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Reliability in the Data Center
Keep the heart of the station beating strong
Avocent offers Longview IP KVM, which allows a user's computer to be placed anywhere in the LAN (presumably in the data center). In addition to supporting keyboard, monitor and mouse, it supports devices as well, and optionally, VGA, DVI-I, DVI and dual DVI video.
If you need to remote a Mac into the data center, you might consider the Gefen USB 2.0 extender USB 400. This is a four-port USB extender that used fiber optics to connect the two ends -- and this particular one can go out 500 meters. This allows use of the mac keyboard, mouse and USB drives, which many producers insist upon. You'll still need to extend the monitor though by a different means. Another option is an all-in-one KVM extender that includes USB -- such as the Aten CE100 Mini Cat-5 USB KVM extender.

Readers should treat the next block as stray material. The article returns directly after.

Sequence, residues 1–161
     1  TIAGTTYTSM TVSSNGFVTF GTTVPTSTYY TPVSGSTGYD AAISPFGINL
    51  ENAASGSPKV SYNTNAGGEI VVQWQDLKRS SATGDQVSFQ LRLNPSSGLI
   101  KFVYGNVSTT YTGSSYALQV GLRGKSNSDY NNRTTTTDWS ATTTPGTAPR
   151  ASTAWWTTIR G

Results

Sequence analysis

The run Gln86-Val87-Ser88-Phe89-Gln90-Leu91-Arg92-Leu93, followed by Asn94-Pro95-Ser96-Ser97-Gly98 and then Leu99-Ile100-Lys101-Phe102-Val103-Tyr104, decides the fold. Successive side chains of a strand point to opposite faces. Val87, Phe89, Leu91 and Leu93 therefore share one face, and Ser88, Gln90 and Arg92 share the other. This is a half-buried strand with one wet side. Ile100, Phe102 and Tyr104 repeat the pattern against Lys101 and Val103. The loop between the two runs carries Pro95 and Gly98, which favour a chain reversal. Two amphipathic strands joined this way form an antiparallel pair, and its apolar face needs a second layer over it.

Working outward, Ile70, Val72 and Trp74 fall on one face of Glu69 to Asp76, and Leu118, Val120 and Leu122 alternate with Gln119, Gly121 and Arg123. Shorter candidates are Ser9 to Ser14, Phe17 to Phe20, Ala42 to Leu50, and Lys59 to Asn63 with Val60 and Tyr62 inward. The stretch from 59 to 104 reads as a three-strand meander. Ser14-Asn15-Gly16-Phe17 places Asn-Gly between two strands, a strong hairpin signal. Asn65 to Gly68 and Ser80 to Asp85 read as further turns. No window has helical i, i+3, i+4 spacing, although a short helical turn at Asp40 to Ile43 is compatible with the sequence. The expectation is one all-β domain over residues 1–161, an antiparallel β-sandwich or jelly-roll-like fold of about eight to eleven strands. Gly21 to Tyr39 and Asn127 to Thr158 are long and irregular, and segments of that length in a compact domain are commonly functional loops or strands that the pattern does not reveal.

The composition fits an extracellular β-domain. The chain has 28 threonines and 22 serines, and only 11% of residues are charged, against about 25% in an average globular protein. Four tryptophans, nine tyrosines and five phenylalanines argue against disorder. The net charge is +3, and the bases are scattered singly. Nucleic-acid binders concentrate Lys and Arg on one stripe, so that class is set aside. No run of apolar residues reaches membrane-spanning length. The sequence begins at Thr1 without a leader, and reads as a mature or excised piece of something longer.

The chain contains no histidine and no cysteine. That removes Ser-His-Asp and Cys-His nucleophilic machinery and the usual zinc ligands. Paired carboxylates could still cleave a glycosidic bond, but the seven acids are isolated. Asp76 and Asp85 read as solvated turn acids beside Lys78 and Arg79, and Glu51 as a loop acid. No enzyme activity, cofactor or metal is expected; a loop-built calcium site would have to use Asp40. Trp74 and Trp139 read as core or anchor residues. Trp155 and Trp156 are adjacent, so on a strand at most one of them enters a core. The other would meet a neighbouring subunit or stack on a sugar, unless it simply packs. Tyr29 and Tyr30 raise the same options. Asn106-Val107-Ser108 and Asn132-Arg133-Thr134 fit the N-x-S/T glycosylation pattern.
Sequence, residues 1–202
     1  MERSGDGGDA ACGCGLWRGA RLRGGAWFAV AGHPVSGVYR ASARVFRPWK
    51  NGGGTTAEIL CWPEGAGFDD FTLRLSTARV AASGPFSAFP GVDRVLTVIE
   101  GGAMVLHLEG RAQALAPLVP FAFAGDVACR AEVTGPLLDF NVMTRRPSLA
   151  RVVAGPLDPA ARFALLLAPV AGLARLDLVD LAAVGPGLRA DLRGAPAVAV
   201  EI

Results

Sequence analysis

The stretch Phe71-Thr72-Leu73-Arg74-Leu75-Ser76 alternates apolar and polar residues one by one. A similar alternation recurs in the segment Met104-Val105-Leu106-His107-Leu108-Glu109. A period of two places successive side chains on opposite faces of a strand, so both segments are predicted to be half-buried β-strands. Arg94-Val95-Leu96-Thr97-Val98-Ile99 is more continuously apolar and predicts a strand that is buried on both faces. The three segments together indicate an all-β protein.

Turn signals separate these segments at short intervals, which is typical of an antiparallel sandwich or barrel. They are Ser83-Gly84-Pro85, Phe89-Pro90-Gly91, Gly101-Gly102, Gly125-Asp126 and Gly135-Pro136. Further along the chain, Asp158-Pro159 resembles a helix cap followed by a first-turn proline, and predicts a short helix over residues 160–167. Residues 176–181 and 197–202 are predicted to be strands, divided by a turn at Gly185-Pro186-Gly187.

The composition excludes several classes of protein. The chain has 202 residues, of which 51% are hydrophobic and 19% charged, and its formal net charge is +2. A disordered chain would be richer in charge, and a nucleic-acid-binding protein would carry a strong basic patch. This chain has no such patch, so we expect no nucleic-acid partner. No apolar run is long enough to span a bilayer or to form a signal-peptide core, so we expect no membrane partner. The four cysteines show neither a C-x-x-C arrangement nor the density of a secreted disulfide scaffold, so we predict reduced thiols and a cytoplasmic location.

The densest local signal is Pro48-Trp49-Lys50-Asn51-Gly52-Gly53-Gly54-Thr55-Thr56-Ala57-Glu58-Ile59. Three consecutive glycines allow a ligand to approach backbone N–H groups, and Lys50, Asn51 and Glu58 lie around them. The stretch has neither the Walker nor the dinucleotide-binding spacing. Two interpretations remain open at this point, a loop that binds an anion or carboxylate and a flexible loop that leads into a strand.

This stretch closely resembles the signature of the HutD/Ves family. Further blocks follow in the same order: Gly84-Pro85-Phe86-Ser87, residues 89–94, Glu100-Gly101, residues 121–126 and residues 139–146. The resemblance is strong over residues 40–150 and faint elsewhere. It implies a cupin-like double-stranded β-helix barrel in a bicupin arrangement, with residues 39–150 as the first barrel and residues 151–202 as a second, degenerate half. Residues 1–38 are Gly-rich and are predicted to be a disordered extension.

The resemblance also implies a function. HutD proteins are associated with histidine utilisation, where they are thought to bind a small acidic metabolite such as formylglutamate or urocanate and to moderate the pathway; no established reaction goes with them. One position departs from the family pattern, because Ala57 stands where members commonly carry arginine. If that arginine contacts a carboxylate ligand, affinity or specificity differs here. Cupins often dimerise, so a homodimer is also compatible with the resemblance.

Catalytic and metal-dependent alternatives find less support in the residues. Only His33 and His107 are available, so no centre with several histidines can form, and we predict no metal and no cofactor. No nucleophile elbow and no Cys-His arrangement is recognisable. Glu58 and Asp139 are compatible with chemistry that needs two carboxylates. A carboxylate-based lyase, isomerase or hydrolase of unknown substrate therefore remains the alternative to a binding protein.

Of course there's an obvious problem with computers that are located in the data center -- no one has access to them, right? It won't take long before you'll need to reboot one of them, during something other than normal business hours. An IP power-switch is called for in this case, and quite a few companies make these but one you've likely heard of is Broadcast Tools. Its product is the AC Power Sentinel 2 Plus. This is a two-outlet device, connected to your LAN, with a built-in Web browser that gives the ability to connect to it remotely from anywhere, and to control the ac power independently on its outputs. Use it to switch ac voltage up to 240Vac, but the total current (for both outputs) can't exceed 10A. It also comes with a couple of inputs that can be connected to external temperature and humidity sensors, and it has two status inputs that can be used for local control of the power outlets (i.e., your trusty remote control, if you happen to locate it at a transmitter site). The device also supports SNMP.
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